Retirement is supposed to be an enjoyable period of life, but if you don't plan for it properly, the opposite might end up holding true. Here are four mistakes that could derail your retirement and leave you cash-strapped and miserable at the same time.
1. Relying on Social Security alone
Though Social Security helps millions of seniors stay afloat financially, those benefits aren't designed to sustain retirees by themselves. If you're an average earner, you can generally expect Social Security to replace about 40% of your previous income in retirement. Most seniors, however, need roughly double that amount to live comfortably, which means that if you don't save on your own for your golden years, you're likely to come up short.
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Remember, though certain expenses, like commuting costs, might go away in retirement, most of your monthly bills will likely stay the same. Some might even go up. Take leisure, for instance. Once you have more free time on your hands, you might start spending more to keep yourself occupied. Similarly, if you're home a lot during the day since you no longer have an office to go to, you might spend more to heat and cool your living space. Be sure to amass some personal savings before kicking off your retirement, because relying on Social Security alone will leave you scrambling to make ends meet.
2. Underestimating your healthcare costs
Many seniors know that healthcare is a major expense they'll need to grapple with in retirement, but a large number fail to realize just how costly medical care can be. Investment giant Fidelity recently shared projections that put the cost of healthcare in retirement at $285,000 for a 65-year-old couple retiring this year.
Of course, your healthcare tab will depend on numerous factors, such as whether you enroll in traditional Medicare versus Medicare Advantage, whether you buy supplemental insurance, and what your actual health looks like. But know this: Fidelity's projections are just one of many estimates out there. HealthView Services, a cost projection software provider, reports that healthcare in retirement will actually cost the average healthy 65-year-old couple today more like $364,000. Therefore, keep tracking the cost of medical care, but just as importantly, ramp up your savings so that you ultimately have the money to pay for it.
3. Forgetting about taxes
Many people assume that seniors mostly get out of paying taxes, but that's far from true. There are a number of ways the IRS might come after your income in retirement. First, if you house your savings in a traditional IRA or 401(k), your withdrawals in retirement will be taxed as ordinary income. The only way to get around this is to save in a Roth IRA or 401(k) instead.
Additionally, your Social Security benefits might get taxed at the federal level if they only make up a portion of your total retirement income. And if you live in a state that taxes Social Security, you'll lose some more money at the state level as well.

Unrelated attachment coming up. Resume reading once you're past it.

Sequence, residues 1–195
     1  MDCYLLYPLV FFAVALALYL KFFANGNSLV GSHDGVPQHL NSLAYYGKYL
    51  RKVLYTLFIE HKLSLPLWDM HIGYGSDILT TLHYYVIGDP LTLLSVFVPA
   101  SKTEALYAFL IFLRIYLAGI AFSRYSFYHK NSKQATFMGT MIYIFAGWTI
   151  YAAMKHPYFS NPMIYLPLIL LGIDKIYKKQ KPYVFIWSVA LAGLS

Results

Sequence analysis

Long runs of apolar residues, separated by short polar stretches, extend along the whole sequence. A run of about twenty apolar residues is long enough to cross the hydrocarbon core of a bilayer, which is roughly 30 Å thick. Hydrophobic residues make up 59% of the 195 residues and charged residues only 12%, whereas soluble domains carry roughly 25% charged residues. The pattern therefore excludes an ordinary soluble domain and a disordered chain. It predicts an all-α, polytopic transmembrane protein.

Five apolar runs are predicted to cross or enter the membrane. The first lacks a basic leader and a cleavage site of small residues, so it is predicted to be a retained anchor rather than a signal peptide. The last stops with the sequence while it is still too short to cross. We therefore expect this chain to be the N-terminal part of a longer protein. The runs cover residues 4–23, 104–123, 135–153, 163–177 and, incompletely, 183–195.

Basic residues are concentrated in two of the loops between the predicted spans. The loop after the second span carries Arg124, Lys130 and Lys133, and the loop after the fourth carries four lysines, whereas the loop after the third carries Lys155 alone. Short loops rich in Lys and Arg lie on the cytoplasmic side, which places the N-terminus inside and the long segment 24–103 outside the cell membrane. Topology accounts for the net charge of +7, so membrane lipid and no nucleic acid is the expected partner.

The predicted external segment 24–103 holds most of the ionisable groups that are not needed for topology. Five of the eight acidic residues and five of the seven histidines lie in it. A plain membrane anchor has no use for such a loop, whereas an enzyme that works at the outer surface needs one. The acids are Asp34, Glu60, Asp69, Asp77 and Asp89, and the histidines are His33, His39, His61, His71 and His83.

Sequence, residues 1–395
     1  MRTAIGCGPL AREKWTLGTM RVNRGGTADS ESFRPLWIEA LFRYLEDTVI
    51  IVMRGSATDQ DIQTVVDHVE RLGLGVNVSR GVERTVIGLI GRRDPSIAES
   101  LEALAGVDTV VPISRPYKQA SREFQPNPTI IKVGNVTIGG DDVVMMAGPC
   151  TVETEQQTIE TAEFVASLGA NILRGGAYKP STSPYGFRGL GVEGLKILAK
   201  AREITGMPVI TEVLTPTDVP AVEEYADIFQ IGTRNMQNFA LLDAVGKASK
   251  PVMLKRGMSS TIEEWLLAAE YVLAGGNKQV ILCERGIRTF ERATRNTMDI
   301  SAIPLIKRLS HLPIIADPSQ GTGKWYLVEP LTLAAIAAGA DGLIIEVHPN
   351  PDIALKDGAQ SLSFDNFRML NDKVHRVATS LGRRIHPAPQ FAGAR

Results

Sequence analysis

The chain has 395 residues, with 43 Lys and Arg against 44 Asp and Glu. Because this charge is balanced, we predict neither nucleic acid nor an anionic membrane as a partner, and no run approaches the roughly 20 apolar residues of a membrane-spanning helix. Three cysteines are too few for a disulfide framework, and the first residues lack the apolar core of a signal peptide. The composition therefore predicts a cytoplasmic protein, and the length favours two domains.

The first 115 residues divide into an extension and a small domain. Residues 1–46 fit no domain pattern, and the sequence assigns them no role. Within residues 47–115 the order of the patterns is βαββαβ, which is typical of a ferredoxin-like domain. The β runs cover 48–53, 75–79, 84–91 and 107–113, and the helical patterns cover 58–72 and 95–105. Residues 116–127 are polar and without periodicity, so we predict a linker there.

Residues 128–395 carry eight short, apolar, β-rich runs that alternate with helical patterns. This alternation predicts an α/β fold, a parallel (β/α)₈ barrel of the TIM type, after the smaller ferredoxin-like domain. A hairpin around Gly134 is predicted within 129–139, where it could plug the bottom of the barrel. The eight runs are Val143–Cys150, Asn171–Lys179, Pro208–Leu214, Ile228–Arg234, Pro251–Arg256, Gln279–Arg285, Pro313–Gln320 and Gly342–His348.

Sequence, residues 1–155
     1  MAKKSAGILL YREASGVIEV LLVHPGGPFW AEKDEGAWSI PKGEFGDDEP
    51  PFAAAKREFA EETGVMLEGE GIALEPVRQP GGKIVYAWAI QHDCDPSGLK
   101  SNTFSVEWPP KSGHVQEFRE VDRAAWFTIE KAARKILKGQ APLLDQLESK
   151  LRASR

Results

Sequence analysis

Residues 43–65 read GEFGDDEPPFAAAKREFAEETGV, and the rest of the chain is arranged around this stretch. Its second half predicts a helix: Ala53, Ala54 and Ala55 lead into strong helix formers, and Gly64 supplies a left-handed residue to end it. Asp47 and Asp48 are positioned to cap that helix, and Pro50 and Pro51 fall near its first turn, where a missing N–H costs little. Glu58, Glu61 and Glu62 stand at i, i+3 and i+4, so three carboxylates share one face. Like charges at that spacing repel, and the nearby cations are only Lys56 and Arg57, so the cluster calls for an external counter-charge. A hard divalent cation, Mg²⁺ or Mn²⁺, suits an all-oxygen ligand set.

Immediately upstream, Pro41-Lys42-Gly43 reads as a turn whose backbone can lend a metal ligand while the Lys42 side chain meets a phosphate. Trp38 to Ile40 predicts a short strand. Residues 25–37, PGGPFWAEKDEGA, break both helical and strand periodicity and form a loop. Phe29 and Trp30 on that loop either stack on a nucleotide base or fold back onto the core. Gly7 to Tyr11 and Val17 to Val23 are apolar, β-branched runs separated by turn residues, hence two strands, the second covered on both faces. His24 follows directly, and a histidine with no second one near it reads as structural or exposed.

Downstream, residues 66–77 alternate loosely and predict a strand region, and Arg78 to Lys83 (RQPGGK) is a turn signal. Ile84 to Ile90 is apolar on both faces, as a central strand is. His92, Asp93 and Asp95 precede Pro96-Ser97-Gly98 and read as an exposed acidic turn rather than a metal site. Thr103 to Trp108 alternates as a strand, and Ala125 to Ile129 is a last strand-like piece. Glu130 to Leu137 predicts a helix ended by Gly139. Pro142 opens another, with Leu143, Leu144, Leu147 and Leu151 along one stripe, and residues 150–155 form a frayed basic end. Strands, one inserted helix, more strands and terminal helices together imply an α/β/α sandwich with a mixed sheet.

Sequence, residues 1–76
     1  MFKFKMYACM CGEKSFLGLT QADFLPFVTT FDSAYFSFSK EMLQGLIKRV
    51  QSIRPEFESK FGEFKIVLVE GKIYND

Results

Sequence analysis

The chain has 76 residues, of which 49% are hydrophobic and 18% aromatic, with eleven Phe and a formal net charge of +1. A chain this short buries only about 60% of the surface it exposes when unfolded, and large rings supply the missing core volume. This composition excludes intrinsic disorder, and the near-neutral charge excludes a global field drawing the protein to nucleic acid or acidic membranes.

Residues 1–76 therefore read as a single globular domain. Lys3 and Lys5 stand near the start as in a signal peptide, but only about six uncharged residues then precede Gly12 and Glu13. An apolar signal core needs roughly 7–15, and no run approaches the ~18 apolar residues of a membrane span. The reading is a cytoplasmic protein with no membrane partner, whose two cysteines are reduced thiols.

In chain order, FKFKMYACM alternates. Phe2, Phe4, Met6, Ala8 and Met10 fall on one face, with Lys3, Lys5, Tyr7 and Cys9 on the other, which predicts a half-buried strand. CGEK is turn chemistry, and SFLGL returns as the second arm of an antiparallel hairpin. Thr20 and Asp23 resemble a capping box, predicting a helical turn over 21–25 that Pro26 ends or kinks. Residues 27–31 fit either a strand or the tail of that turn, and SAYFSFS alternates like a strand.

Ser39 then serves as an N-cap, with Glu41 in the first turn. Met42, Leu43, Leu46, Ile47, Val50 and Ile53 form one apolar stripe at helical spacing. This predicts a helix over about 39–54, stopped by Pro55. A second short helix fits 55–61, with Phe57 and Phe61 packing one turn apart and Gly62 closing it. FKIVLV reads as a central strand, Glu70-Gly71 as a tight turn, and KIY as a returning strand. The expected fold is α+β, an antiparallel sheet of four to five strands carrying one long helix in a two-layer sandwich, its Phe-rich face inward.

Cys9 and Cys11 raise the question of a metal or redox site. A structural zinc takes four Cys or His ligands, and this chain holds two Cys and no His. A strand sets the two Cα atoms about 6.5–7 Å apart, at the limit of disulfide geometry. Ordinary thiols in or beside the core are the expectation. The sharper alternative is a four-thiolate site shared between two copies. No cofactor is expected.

Income you collect from a pension is also subject to taxes most of the time (though there are some exceptions to this rule). And if you earn investment income or interest in a nontax-advantaged account (such as a traditional brokerage or savings account), you'll pay taxes on that, too. The point, therefore, is to plan on forking over some money to the IRS year after year. If you anticipate being taxed in retirement, you can budget around it.
4. Not planning for long-term care
Many seniors get injured or experience a decrease in mobility as they age. So, many find that they can no longer manage to live on their own without some sort of help. In fact, an estimated 70% of seniors 65 and older wind up needing long-term care, whether in the form of a home health aide, an assisted living facility, or a nursing home. And if you don't buy insurance to help cover the costs involved, you could be in for quite a financial shock.
The average assisted-living facility in the country costs $48,000 a year, according to Genworth Financial's 2018 Cost of Care Survey. Nursing home care is even more expensive -- $89,297 a year, on average, for a shared room, and $100,375 a year, on average, for a private one.
That's why you really need long-term care insurance going into retirement. The best age to apply is in your mid-to-late 50s, because at that point, you're more likely to snag a discount on your premiums based on your health and age. That said, many seniors apply for policies in their 60s, and if your health is decent, it certainly pays to do so. Otherwise, an extended period of care could effectively wipe out your retirement savings, leaving you broke and vulnerable later in life.
Retirement can be a scary prospect from a financial perspective, but it doesn't have to be. Steer clear of these mistakes, and you'll avoid much of the stress so many of today's seniors face.
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